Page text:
Unlike advance care directives, there is no legal framework for these documents. In the interests of quality and safety, Advance Care Planning Australia have released an advance care plan form for a person with insufficient decision-making capacity (e.g. moderate to severe dementia).

    This document is most relevant to aged care service, and especially residential aged providers as many people living in residential aged care have cognitive impairment and may have lost decision-making capacity.

    This form can be used nationally but when an advance care plan form exists in a particular jurisdiction, we recommend using theirs.

    The new advance care plan form includes guidance on completing the form. It guides the person’s substitute decision-maker how to document their understanding of the person’s future care preferences.

    Although not a legally binding document, advance care plans are useful for guiding medical decision making for substitute decision-makers and clinicians. The form makes this clear to both the person writing it and the clinician interpreting it.

    Advance Care Planning Australia offers support for both health and aged care workers and the public. Call 1300 208 582

  • Refer to the free Advance Care Planning Support Service

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    Do you have a friend, family member, client or patient who needs support to understand and complete their Advance Care Plans?

    You can now refer them to Advance Care Planning Australia's free phone support service. They will help them by providing individual advance care planning support to suit their needs and can help them with:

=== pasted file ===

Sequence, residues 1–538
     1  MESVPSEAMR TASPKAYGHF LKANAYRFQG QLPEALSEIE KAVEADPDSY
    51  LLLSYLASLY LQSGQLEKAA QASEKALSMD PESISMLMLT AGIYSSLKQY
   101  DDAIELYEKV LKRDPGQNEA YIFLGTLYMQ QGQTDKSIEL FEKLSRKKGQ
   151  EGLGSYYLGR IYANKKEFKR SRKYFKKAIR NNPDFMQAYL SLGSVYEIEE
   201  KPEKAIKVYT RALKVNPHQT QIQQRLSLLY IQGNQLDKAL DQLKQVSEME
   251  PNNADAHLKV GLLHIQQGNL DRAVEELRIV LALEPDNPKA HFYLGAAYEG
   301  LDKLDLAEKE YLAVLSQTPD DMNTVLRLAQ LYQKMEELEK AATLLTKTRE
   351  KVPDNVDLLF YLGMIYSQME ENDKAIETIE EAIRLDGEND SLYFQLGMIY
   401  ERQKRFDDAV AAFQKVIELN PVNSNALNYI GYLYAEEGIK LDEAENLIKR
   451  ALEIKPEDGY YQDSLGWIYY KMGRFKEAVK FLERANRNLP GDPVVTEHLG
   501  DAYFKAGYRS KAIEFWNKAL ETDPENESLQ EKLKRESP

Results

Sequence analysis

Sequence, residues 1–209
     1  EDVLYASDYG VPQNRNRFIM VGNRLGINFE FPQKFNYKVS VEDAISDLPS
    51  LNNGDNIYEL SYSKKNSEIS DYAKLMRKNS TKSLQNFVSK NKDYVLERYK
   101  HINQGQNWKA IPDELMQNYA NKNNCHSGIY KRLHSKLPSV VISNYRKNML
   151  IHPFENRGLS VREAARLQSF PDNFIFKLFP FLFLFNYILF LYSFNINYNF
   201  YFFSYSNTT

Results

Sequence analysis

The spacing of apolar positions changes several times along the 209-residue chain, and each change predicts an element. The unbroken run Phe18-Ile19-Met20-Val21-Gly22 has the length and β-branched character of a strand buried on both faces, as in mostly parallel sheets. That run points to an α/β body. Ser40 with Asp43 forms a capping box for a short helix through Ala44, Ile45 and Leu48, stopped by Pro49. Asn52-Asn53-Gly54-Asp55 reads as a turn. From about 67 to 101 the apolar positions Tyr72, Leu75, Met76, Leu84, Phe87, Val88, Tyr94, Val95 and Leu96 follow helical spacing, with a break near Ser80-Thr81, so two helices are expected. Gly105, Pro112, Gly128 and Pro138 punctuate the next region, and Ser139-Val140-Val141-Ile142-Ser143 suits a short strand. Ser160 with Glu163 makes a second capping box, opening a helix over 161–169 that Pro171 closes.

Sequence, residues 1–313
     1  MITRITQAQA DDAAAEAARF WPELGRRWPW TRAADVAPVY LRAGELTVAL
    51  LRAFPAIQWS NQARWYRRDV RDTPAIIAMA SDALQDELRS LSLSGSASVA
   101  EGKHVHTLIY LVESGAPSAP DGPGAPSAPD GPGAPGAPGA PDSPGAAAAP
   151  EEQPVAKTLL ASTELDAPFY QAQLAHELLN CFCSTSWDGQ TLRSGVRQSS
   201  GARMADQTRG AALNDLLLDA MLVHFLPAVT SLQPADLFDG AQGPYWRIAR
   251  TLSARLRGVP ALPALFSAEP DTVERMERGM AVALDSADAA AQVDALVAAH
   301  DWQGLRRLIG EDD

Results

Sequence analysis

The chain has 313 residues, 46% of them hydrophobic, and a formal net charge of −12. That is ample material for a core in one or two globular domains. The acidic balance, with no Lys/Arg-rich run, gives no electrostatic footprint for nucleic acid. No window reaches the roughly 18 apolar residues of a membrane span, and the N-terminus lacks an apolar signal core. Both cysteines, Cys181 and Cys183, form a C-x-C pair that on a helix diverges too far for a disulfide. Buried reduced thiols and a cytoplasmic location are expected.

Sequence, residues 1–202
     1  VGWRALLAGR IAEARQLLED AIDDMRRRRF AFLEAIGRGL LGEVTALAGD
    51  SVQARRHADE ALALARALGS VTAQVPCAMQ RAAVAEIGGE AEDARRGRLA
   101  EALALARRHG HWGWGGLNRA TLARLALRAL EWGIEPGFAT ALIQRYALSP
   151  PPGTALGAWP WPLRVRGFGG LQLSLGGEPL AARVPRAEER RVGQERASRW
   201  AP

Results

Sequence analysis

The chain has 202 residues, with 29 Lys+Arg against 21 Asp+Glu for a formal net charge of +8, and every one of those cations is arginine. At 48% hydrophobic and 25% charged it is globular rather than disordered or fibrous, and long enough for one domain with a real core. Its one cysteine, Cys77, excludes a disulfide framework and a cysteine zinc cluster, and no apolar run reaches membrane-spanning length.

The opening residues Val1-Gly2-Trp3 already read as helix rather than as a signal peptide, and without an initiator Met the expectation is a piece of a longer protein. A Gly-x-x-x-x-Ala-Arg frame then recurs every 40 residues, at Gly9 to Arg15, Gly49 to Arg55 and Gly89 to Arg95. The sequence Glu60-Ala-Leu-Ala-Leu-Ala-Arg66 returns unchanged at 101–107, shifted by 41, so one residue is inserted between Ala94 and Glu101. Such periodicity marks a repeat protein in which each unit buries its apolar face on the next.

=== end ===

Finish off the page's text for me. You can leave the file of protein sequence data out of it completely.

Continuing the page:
• Understanding advance care planning
    • Thinking about values and preferences
    • Having the conversation with loved ones
    • Choosing or acting as a substitute decision maker
    • How to complete and store documents

    Once you’ve made the referral, ACP Australia will give them a call within two business days.

    Please ensure you have informed consent to make a referral. It is the sole responsibility of the referrer to seek a person’s informed consent before providing Advance Care Planning Australia with a person’s contact details.

    Make your referral online here

  • Palliative care packages give comfort to Aboriginal and Torres Strait Islander people

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    A strong conviction, a COVID-19 lockdown, and the loss of four siblings, led 71-year-old Sally FitzGerald, ACT Councillor for NATSICC (The National Aboriginal and Torres Strait Islander Catholic Council), to initiate the unique creation of palliative care packages for Aboriginal and Torres Strait Islander people requiring palliative care.

    “So, in the lockdown in 2020, it just came to me that I should be doing something, so the idea of the care packages emerged.”

    The care packages that contain masks, blankets, writing pads and shawls have all been assembled by Sally in her Canberra home, before being delivered across the country.

    Read the Palliative Matters Story Here

  • Planning for Respite at Home Guide

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    Accepting support for respite at home and planning the best for everyone - A Guide

    Caring for someone can have its challenges but it can also be extremely rewarding. Whether it is a family member or a friend, you are caring for, you want them to be as well looked after as possible. However, the caring role can become all-consuming and in order to keep going, it’s important to ask for and to accept help .